Two hours is really all you need to understand the city, and you should spend them doing a slow lap of Daning-Lingshi Park -- a strange, magnificent, and oddly unacknowledged space up in Zhabei.
"Offbeat" is a SmartShanghai column about stuff to look at or do in Shanghai that's interesting or weird (relatively, of course), that doesn't fit anywhere else. It appears weekly, monthly, or maybe even annually, when we're not busy working on other superfluous column ideas.
Some folk insist you can get under the skin of Shanghai in just 24 hours. But the conventional schedule doesn't half include a lot of dead time spent standing in line for xiaolongbao
. The New York Times adopts an even more leisurely approach; their 36 hour window
opens with a stroll along the Bund Tourist Tunnel
. And, when there's a slot set aside for pondering "what Mao Zedong would have thought of today's Shanghai", you know you've been had.
Two hours is really all you need to understand the city, and you should spend them doing a slow lap of Daning-Lingshi Park -- a strange, magnificent, and oddly unacknowledged space up in Zhabei. Curious what will be left when the bourgeoisie finally rise up? Keen to better understand power politics in the context of a contemporary Chinese courtship? Always wanted to know how high a man in a white tuxedo can jump when his shoes are full of sand? Then this is the place for you.
At 168 acres, DLP is officially the "largest centralized greens in Puxi" -- which means room for all kinds of compass-driven weird. The north of the park is modelled on Northern China -- hills, woodland, a big lake called Beihai. The southern stretch is an assortment of ponds, streams, swamps, and kitsch viewpoints with names like "Life in South China". The east gets a raw deal -- an amusement park, dodgems that fire big plastic balls, a restaurant left over from its smaller predecessor, Guanzhong Park, and some token bamboo paths. And, naturally, they had big problems with the west. People kept getting lost in the mini-Taklamakan, so they stripped it back to a kiddie sandpit. But last year saw an emerging separatist movement -- some of the older groundskeepers were insistent they had more in common with Zhongshan Park -- so the council went back to the drawing board, drafted in some capital letters, and modelled it on "The West" -- if you get lost, the European-style Long Corridor now leads directly to the Roman Plaza.
And yet, marble colonnades aside, the park really is lovely, its quirkiness surprisingly well-camouflaged. (Less so the grungey photographers chasing wedding shots from half-way up the plum trees, still wearing the knee high black boots they bought five years ago for a career they were sure would involve more nudity, more needles, and the occasional small-scale war.) And there are genuine triumphs -- grass you can sit on, an overgrown meadow with a Narnian lamppost, a counterfeit white-sand beach. The far greater oddity is that the park isn't better known. Not downtown at any rate.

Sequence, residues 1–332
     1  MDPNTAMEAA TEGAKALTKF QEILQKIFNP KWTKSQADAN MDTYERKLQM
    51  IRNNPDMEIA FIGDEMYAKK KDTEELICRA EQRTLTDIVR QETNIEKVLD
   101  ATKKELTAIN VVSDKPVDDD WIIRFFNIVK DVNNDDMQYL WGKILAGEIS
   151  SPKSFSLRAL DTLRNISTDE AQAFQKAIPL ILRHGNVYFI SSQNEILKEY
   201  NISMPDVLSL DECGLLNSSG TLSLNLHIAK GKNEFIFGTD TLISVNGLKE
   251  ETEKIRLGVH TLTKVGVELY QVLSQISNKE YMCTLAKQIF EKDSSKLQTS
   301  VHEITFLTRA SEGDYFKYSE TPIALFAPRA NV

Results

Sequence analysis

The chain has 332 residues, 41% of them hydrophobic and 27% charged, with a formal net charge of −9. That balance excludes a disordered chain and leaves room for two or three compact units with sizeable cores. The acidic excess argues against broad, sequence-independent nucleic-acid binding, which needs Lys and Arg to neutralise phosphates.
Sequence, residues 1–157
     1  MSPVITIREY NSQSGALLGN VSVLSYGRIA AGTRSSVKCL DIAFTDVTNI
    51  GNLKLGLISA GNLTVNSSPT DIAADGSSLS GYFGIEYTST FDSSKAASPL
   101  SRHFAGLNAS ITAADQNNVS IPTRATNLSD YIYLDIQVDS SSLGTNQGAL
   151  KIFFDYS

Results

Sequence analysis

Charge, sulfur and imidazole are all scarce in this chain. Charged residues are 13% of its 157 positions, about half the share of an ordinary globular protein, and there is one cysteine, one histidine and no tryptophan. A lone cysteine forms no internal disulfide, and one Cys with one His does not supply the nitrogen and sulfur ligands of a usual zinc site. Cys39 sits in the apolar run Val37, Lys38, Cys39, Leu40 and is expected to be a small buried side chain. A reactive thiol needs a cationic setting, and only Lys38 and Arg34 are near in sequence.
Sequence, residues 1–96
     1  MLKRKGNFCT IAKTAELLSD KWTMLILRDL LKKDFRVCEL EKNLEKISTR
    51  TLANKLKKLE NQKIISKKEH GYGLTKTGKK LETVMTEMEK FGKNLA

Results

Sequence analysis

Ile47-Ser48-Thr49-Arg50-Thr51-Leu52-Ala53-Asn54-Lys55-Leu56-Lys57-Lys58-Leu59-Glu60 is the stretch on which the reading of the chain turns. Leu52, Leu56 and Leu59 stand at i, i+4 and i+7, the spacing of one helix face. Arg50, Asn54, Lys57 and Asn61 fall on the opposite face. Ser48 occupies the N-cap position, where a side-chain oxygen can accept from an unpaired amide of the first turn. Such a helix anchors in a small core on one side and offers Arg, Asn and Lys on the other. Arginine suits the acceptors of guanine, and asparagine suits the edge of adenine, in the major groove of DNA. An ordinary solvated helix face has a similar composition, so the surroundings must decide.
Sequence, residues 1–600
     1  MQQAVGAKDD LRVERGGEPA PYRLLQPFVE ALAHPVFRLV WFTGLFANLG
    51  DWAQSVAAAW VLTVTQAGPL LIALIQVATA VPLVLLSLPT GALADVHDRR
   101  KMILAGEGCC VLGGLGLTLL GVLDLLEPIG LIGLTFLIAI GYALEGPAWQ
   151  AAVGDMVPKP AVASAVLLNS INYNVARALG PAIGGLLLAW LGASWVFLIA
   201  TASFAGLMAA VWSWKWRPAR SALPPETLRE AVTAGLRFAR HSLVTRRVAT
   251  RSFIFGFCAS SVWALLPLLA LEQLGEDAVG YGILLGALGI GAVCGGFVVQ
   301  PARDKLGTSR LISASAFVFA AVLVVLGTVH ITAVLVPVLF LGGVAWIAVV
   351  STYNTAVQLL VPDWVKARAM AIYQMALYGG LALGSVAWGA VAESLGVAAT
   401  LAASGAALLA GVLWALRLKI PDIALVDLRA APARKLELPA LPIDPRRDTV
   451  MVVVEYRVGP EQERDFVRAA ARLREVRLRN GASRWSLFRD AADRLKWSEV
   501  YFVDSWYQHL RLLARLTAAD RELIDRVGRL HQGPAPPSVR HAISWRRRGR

Of course, on a clear spring day, it's as busy as anywhere else; a lunatic teen warden keeps the hordes of pedaloes in check by ramming them with a speedboat. They host tea festivals, New Year's celebrations, and as many as 60,000 people turned up for the "2006 International Music Fireworks Competition". So someone's obviously spreading the word. Some choice words at the entrance suggest that perhaps we're just not reading the right press:
The ethereal, peaceful, picturesque nature landscape of Daning-Lingshi Park has become the favourite for urbanites, therefore it ranked Top 10 Greatest Sights in Shanghai during a 2005 activity held by Youth Daily, namely, "The Greatest Sights in Readers' Eyes", also recognized as one of "Shanghai Civilized Parks" by Shanghai Landscape Administration Bureau.
You have to respect a group with the acronym SLAB. They probably carve all their words in granite before they say them out loud. Slap each other with splayed branches for talking out of turn. And the 1.8billion RMB they spent making Daning-Lingshi Park look pretty shows; it more than holds its own against the competition. It may be just as artificial, but it feels far more like authentic parkland than its bigger cousin out in Pudong (anyone else know that the peach trees in Century Park are genetically modified to sweep up their own blossom?). It's also much closer than Gongqing Forest Park, and is 198 kuai
cheaper than Dino Beach, that other sandy playground for the no-tan-do crowd. Any of you urbanites who haven't yet been, really ought to make the time. Pay no heed to the whispers of those pesky groundskeepers -- it's a world apart from Zhongshan Park.
Daning-Lingshi Park -- 288 Guangzhong Xi Lu (next to Shanghai Circus World on metro line 1)